Luke posing with family

Elephant and Tuk Tuks

Beautiful architecture

We spent the majority of our trip in Rajasthan, ‘the Land of Kings’, so we were in no short of fairytale palaces and stunning forts. The architecture is absolutely stunning and the details are superb. The interior of every palace is so grand and colourful.

Of course, there is the Taj Mahal. So beautiful it made ‘the sun and the moon shed tears from their eyes’. The Taj Mahal is considered to be the most remarkable architecture in the world (close rivalry with Sheikh Zayed Grand Mosque). The giant dome is made up of white marble, with the technique known as pietra dura, flowers inlaid with semi-precious stones can be seen on the marble. PHENOMENAL.

People in India

We were almost always met with smiles. And if not smiles, then stares. Lots of stares of curiosity. These curious stares will more than often lead to lots of questions.

Hayley would get a hell of a lot of questions regarding where she’s from. France was usually people’s first guess. Or they’d just show confusion, stating that she looks Indian apart from the hair *pointing at the afro*.  During a long and painful train journey, after receiving the answer that Hayley is from the UK, a man asked, ‘Are there other people in the UK that are your colour?’. That was quite an interesting question.

On the other hand, Luke’s pale pale skin received a lot of attention which sometimes turned into laughter. If we received £1 for every time someone asked to have photo with him… All in all, our experience with locals was usually always one that left us smiling.

You can’t talk about the locals in India without mentioning the endearing head wobble. Does it mean yes? Does it mean no? Or even maybe? For those of you that aren’t familiar with the head wobble, it’s as you guessed, just when the head moves from side to side but in India is a very popular gesture and it will leave you confused. However, by the end you’ll take on the gesture as your own without even noticing. It’s that infectious.

You will surprise yourself

India will take you out of your comfort zone. That is for sure. It will most likely be like no other place you’ve been before so it will take you by surprise. This allows you to gain a new perspective and appreciation for your own life, improve your patience and understand different social norms.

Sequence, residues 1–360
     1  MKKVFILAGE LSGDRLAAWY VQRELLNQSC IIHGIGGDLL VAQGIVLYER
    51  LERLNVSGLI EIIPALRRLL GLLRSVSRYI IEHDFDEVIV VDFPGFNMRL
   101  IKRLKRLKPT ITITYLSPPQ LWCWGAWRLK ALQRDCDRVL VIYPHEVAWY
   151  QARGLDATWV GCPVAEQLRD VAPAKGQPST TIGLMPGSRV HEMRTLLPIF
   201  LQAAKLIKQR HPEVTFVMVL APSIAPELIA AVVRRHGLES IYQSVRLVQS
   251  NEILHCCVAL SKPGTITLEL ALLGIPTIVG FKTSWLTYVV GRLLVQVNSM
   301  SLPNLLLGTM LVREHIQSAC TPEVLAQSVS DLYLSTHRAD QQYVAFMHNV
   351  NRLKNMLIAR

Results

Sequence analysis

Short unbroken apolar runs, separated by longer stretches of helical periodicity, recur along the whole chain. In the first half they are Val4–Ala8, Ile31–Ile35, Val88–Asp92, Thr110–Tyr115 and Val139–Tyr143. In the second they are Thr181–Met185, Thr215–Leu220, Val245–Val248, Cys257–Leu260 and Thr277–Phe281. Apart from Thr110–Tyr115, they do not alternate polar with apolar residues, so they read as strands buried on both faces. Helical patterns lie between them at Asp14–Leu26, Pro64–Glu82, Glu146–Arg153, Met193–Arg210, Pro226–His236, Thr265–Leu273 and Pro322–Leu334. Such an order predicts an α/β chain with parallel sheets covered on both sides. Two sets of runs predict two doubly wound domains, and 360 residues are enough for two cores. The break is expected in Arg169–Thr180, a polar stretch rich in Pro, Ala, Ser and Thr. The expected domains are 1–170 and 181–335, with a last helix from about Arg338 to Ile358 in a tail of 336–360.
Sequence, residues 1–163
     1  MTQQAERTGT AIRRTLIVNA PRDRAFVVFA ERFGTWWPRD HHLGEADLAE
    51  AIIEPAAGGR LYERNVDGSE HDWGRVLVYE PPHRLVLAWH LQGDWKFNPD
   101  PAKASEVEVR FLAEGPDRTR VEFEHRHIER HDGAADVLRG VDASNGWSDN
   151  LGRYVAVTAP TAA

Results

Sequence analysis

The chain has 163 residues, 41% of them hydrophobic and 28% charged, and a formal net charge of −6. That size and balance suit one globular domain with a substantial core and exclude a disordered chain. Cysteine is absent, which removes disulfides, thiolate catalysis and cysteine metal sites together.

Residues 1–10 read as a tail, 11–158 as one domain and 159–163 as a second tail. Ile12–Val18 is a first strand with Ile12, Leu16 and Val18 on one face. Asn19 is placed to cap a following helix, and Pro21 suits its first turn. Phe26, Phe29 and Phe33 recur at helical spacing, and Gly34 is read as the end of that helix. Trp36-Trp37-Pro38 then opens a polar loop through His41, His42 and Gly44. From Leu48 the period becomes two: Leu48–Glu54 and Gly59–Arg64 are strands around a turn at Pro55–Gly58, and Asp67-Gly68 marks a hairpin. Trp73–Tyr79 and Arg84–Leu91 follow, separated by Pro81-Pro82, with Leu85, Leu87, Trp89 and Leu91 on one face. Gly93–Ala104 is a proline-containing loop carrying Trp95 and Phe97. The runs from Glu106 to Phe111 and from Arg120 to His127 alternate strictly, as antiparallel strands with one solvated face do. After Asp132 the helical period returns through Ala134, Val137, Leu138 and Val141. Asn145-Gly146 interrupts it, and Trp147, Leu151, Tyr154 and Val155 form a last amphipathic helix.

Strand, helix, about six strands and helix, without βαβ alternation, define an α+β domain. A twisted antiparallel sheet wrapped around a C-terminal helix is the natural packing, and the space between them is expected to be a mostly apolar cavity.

Just a few examples.

As we mentioned previously, the poverty you will encounter will break your heart and make you question what you can do to help the situation. But you will also leave India thankful for your own life and that you even had the opportunity to visit the country.

You will be forced to embrace the chaos. The streets are always jam-packed and there are never-ending traffic jams filled with people that insist on needless honking. Your patience will improve drastically as a result.

We found ourselves being extremely cheap. It was our second country and we knew we needed to abide by a strict budget. So although you have to barter in India, when you keep arguing over 50 rupees difference, you soon remember that 50 rupees is equivalent to 60p which is very little to us but can help a man feed his family.


Varanasi itself, for us, is a reason to visit and love India. This is the place where your senses will be assaulted. This is where you’ll have that serious culture shock. This is the place that you won’t forget any time soon.

As one of the holiest places in India, visiting the ghats is a special experience. The most talked about occurrence in Varanasi will undoubtedly be the burning ghats where those that have passed away are cremated. The Ganges are sacred to Hindus and so they believe if the deceased’s ashes are placed in the Ganges, their soul should escape the cycle of rebirth. It’s raw and of course different to funeral proceedings in the West, however when we witnessed the cremation ghat we weren’t absolutely shocked, it’s just more interesting than anything else to see how a different culture *handles* their dead.

The sunrise/sunset boat trips along the Ganges are gorgeous and interesting if you’ve got a talkative guide.

Every evening, hundreds of people gather to watch Ganga Aarti, a Hindu ceremony. Ganga Aarti is performed by a group of priests that are dressed the same and move synchronised with incense sticks and large lamps while chanting. We decided to watch it each night that we spent in Varanasi. There was just an incredible energy there. It’s an absolute must see!


Ganga Aarti

Crowds at the Ganga Aarti



India has so much to offer, more than we could fit into a reasonable sized blog post. It’s certainly one of our favourite destinations for all its ups and downs. India left us feeling uplifted and humbled and with the hope that everyone we know will visit one day.

If you want to see where we visited exactly, take a look at our 3 week itinerary.